OLJOrder of St Lazarus of Jerusalem
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Stancheva, however, said that she had chosen to be the OLJ vice-presidential candidate because it was the only party that insisted on changes to Bulgaria's constitution.
(C) ORDER, LAW AND JUSTICE (OLJ): A new player on the
The OLJ proposes a vote on the basis of "the Government's failure in its policy of suppressing corruption, contraband, drug trafficking, organised crime and domestic crime, the failure of the Republic of Bulgaria to join the Schengen area, and the abuse of authority and un-acceptable interference in the judicial system".
An added dimension to this contretemps emerged when Yanev told journalists that Alexei Petrov, the former State Agency for National Security agent facing criminal charges for a range of serious crimes, wanted to join his OLJ party.
A last-minute turnaround by Yane Yanev's Order Law and Justice (OLJ) party scuppered the March 31 vote to impeach President Georgi Purvanov, as Bulgaria's ruling party and its allies lost the slice of votes they would have needed to try to get Purvanov fired as head of state.
This took the group below the mandatory minimum of 10 seats, and television viewers watched the plaque unscrewed from the group's office in Parliament, as well as the strange spectacle of OLJ loyalists trying to track down the missing member--who, along with GERB, denied all allegations that money had changed hands to enable OLJ's chair to be kicked away.
It should not be forgotten that the Government does not have a full majority in Parliament and was voted into power with the votes of ultra-nationalist Ataka party, the Blue Coalition and the Order, Law and Justice (OLJ) party.
Bezlov was referring to a statement by Dimitar Abadjiev, an MP from the Order, Law and Justice party (OLJ), who on October 26 said that his party had started receiving tip-off s about alleged corruption in the Cabinet.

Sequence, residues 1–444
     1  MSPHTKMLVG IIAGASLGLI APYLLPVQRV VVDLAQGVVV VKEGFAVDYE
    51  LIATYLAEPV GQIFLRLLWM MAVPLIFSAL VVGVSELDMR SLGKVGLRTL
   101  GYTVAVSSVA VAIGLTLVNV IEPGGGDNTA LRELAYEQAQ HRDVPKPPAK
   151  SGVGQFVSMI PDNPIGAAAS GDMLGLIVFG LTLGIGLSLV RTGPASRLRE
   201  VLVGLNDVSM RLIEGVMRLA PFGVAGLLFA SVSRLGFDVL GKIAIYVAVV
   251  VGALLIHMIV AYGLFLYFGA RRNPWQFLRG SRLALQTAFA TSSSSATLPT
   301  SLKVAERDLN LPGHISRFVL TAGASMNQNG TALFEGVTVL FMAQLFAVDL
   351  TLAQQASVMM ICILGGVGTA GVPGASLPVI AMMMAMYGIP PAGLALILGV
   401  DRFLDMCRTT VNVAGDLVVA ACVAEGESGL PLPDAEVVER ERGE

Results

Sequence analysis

The other two parties that GERB targeted for negotiations, Ataka (21 seats), and Yane Yane's Order, Law and Justice (OLJ) party, who got 10 seats, also vowed to support Borissov provided GERB followed its promised route of reforms.
When Yane Yanev was asked to comment on his Order, Law and Justice (OLJ) party's 4.13 per cent election result, which made it the sixth party to pass the four per cent threshold, he said plain and simple "this was an emotional vote".
Perhaps the most interesting feature of the hustings was what many media call the mirror-like campaign led by the Movement for Rights and Freedoms (MRF), traditionally representing Muslim Bulgarians, and a number of far-right and centre-right parties, including Volen Siderov's ultra-nationalist Ataka, and Yane Yanev's Order, Law and Justice (OLJ) party.
According to the survey, the coalition of LIDER with New Time would get five per cent, while the other anti-MRF orientated party, Yane Yanev's Order Law and Justice (OLJ) was set to get 4.5 per cent of the votes.